Gender stereotyping is abundant in discussions about heterosexual relationships, but it turns out there's serious scientific evidence to suggest that when it comes to breakups, men and women are wired to respond differently. For starters, research shows that women seem to feel pain after a breakup more acutely than their male counterparts do, while men tend to move on more quickly.
Relationship and body language expert Katia Loisel points to new evidence that explains why this happens and (more importantly) what it means. "Men are more likely than women to use distraction or denial as a coping mechanism in the wake of a stressful event, and after a breakup, that can mean jumping straight into a casual hookup or relationship," Loisel told Body & Soul.
Her comments are in line with a 2015 study by Birmingham University, which suggests that women feel pain more acutely after a breakup. "Put simply, women are evolved to invest far more in a relationship than men," says research associate Craig Morris. His study of over 5000 participants suggests men still feel emotional pain associated with a breakup but realize "as it 'sinks in' that he must 'start competing' all over again to replace what he has lost," he explains.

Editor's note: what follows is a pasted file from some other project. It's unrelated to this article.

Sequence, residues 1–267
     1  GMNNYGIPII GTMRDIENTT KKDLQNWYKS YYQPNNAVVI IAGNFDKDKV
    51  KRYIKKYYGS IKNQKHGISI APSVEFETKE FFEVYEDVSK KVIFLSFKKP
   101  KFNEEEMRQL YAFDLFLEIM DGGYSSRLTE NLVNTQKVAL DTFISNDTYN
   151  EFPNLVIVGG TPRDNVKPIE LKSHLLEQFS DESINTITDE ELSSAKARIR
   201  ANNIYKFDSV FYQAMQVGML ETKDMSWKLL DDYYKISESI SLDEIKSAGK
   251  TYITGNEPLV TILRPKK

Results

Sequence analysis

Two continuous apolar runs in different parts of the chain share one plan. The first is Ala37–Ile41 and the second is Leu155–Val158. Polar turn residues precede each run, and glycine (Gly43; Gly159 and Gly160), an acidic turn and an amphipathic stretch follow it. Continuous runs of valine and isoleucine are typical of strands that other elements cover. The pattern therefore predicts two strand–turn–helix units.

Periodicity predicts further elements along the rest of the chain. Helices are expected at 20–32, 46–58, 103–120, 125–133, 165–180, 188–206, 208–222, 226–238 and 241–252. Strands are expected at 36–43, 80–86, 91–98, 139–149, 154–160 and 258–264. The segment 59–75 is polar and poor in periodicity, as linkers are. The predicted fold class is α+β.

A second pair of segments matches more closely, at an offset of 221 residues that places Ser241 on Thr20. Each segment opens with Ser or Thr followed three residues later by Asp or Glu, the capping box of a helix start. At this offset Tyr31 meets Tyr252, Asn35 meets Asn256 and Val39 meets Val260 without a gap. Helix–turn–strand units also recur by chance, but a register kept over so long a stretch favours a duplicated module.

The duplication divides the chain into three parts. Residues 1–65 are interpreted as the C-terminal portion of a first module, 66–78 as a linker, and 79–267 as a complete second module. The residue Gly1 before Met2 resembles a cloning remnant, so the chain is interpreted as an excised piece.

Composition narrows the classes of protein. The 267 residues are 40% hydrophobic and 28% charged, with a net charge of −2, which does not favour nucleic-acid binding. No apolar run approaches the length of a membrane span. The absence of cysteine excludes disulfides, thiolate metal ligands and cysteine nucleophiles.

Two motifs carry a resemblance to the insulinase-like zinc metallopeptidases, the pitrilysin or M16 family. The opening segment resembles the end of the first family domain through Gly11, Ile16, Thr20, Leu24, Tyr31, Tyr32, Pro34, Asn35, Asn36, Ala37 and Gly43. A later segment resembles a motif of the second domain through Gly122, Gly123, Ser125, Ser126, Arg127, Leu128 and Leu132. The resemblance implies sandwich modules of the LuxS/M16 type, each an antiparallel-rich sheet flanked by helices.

If your former S.O. has started dating again, Loisel says it doesn't mean they've recovered from the relationship faster. "Jumping into a hookup or casual relationship releases an intoxicating mix of neurotransmitters and hormones including dopamine, serotonin, and norepinephrine, which can seemingly (and temporarily) dull the pain of heartache," she explains.
She continues, "If you haven't dealt with your past hurts and issues from previous relationships, more often than not, they'll show up in your life and in your new relationships." The take-home? Don't stress when you see a picture of your ex with someone else. If science is to be believed, it doesn't mean they're over you.